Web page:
You probably have heard the story about the fisherman and the schmick and slick businessman who comes to his village. The businessman is on holiday, taking some downtime to recharge his batteries so he can whirl himself back into the tarnished-but-yet-still-standing glittery world of his Wall Street job. The businessman sits on the beach, resisting the urge to check his phone to see what his stocks are doing, his head whirling with the strange combination of agitation and boredom that rules his life and of which he is entirely unaware. As he watches, a villager drops anchor and pulls his small boat ashore, takes out the two large fish he has caught, and begins to walk his way up the squeaky white sand.
“Hello,” the villager greets the businessman as he comes level with him. They begin a conversation. The villager is curious about the businessman and his life. He asks him strange questions. The businessman finds them curiously childish.
“What does your life smell like?” the fisherman asks.
“What is the light like where you live?”
The businessman doesn’t know how to answer this type of stupid question. He fumbles his way through the answers and then, to cover the slight embarrassment he doesn’t know he is feeling, changes the subject. He gestures to the villager’s hand holding the two oily tuna.
“How long did it take you to catch those?”
“Oh, not long,” the fisherman shrugs.
“Why didn’t you fish for more?”
“I don’t need more. This is our dinner.”
“Well, then, so what do you do with your time?”
The fisherman stops and ponders for a minute, as if this isn’t something he thinks about much. “Well, I sleep as much as I need to, I play with my children, I ravish my wife, I go into the village and play music with my friends. When we get tired of playing music we set up elaborate domino displays and knock them all down after dinner. We draw big mandalas on the sand and watch the waves came in to lick them up.”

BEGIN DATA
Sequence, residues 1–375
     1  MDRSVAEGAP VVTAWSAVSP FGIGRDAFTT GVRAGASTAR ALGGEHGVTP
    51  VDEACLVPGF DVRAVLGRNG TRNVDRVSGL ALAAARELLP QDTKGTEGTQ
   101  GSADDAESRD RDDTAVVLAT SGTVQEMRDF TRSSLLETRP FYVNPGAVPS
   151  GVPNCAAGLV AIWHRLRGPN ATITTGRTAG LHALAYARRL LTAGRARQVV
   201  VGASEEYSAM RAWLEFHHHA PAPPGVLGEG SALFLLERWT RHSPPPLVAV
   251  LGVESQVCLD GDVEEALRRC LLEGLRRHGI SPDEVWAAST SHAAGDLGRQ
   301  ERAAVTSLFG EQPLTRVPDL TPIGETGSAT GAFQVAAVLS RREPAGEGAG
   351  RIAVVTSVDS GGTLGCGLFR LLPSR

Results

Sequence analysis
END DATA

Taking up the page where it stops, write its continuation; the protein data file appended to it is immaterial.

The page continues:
The businessman sees where he may be of use to this man.
“I’m a very successful businessman. I’ve made millions of dollars. You know what I would do if I were you? I’d spend more time fishing. Then I’d sell the extra fish I catch and buy a bigger boat. From there I’d keep expanding, and buy another boat. Soon, there will be a fleet of boats and people working for me. Then I would open a factory and sell my produce around the world. It’s possible I would have to move to a large city to manage my factory. After a certain time, I would sell the factory and make millions.”
The fisherman squeaks his toes into the sand. “And how long do you think this would take?”
“Oh, 10, 20 years.”
“And what would I do after that?”
“Oh! Well! Then you will be rich! You will be able to retire, sit back, enjoy your life, maybe buy a boat for pleasure. You will be able to sleep as much as you need to, play with your grandchildren, ravish your wife, go into the village and play music with your friends. When you get tired of playing music you will be able to set up elaborate domino displays and knock them all down after dinner. You will draw big mandalas on the sand and watch the waves come in to lick them up.”
I have just spent five nights away exploring a tiny stretch of Western Australia’s coastland, from Perth down to Bunbury and Margaret River. To travel is to reduce to the basics – food and shelter, exploring the local terrain, doing what is pleasurable, restorative. Nothing else needed. Travelling is closer to the true state of things, though that idea feels too good to be true. It reminds us of what just being in the world feels like, foot to sand, a respite from the hustle, the need to expand your portfolio, to grow your market share, to strive to earn your piece of the disappearing dough in the trickle-up economy.
The being-here-now is the real world. That other one that rules our days, it is the illusion. That other one is killing our earth. And it is dying. May it die before our earth does. Cheers to what comes after.
This is my contribution to The Daily Post’s Write Here, Write Now prompt to write a post entirely in the present tense. It is also my very first post here. Though there’s nothing mystical about the first new days of a Gregorian calendar, still, a new calendar gives a sense of newness to the air. A fresh start, a resolution-free zone.